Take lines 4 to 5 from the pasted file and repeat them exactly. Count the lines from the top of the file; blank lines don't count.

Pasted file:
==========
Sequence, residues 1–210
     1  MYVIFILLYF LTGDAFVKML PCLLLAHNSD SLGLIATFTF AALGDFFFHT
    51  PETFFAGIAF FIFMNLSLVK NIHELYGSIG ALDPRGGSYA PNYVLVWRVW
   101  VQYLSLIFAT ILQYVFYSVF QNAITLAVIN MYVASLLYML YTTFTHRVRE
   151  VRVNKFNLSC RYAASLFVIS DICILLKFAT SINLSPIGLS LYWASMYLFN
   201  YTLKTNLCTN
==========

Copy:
   101  VQYLSLIFAT ILQYVFYSVF QNAITLAVIN MYVASLLYML YTTFTHRVRE
   151  VRVNKFNLSC RYAASLFVIS DICILLKFAT SINLSPIGLS LYWASMYLFN